173. What do you do when the hard shoulder clogs up?
  (Mr Matthews) One of the things we clearly have to look at is what provision we would need to make for safety and what we might call safe havens if people need to come off the road for the normal traditional use of the hard shoulder. More generally, this is one part of a package. If it were not the total answer then we and ministers would need to look at it in terms of whether it needs additional capacity, whether there are other ways on that stretch of the network, particularly through things like targeted improvement in junctions and junction layouts, which in themselves could ease flow, using in a more widespread way things like variable speed limits to smooth the flow of traffic as we have on the western section of the M25 and access control through ramp metering. There is a variety of measures which we can take which are not just about adding capacity, they are thinking about managing the use of the network more actively.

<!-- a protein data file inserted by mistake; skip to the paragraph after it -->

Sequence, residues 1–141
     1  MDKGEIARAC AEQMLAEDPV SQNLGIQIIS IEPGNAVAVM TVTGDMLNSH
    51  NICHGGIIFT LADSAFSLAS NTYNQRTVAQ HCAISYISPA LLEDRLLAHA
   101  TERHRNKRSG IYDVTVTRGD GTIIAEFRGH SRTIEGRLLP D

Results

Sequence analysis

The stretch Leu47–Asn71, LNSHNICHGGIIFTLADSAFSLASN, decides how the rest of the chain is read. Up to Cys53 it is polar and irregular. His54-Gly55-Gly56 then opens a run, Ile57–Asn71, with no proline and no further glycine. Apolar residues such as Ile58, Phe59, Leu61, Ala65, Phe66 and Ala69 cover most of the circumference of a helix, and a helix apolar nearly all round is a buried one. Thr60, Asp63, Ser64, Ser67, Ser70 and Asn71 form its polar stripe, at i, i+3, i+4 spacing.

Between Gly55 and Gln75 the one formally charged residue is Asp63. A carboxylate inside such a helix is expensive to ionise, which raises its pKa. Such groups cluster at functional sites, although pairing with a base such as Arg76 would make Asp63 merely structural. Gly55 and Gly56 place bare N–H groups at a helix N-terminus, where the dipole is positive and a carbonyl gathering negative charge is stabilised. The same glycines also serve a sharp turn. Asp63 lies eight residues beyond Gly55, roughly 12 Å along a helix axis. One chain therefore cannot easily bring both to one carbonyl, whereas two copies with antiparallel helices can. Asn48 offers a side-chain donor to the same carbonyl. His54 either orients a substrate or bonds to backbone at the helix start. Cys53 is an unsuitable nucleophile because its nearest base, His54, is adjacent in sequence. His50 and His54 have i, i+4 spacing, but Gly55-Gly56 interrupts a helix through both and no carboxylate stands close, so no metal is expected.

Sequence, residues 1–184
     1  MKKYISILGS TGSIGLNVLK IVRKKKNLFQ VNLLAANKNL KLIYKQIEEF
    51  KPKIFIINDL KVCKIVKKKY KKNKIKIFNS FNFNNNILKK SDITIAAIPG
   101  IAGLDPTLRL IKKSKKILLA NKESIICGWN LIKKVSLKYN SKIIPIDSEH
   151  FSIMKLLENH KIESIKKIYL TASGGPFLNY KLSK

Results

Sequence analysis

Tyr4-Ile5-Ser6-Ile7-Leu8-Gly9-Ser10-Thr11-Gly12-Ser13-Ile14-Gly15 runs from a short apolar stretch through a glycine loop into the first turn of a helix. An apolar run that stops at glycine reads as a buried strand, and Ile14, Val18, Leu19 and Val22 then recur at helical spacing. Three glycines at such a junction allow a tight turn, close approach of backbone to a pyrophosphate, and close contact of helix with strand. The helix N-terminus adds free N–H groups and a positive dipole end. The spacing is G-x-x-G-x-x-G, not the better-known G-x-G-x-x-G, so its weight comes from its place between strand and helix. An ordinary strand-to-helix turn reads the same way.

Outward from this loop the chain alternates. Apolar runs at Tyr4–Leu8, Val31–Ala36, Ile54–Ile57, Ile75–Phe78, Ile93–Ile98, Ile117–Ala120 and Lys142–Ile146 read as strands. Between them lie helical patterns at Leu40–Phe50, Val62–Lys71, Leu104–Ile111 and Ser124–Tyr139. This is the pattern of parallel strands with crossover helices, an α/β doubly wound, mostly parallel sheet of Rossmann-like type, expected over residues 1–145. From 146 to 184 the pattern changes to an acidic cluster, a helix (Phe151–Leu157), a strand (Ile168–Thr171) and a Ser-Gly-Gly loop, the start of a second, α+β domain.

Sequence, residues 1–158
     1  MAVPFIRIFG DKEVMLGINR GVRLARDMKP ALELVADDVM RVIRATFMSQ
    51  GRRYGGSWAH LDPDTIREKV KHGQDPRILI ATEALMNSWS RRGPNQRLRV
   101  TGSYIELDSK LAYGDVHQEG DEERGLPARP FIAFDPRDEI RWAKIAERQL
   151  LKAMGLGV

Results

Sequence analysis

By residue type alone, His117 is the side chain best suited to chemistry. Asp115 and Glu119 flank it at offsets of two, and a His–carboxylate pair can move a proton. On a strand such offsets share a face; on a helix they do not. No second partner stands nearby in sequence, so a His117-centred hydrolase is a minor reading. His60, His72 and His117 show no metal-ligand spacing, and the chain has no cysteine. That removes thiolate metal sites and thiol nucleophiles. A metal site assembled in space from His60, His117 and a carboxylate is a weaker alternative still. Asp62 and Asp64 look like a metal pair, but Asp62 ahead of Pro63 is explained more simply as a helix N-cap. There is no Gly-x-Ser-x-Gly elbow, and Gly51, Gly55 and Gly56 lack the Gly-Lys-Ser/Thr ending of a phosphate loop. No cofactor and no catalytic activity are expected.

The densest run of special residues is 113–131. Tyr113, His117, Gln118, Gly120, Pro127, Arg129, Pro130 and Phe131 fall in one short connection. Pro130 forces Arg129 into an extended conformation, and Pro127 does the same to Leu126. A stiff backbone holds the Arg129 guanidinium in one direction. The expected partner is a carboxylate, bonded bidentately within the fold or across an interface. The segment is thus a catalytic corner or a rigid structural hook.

174. Having ruled out, however, one of the most obvious means of management which is payment.
  (Mr Matthews) Ministers have made their position clear.

  Chairman: I am glad you think that.

Tom Brake

  175. On the question of using the hard shoulder, would you make public results of safety assessments which you carry out, because clearly there are enormous safety issues around making a section of hard shoulder available for use by cars and also the impact it will have elsewhere; when drivers become aware of a particular location then the temptation will be everywhere in the country. Already the hard shoulder is abused at times of heavy congestion and that will just exacerbate it.
  (Mr Matthews) Yes, but we would not limit the public involvement or consultation to the safety study. It is very important that we engage the road user organisations, the freight organisations.

  Chairman: It might be helpful if you asked the accident and emergency services as well. They might have a view.

Clive Efford.

  176. In the packages you talked about every example you used was actually about roads. When I think about packages, I think about other forms of transport as well which might be the solution to the problem. How do you ensure that your trunk road programme is introduced at the same time as other improvements such as buses or other modes of transport, rail transport networks?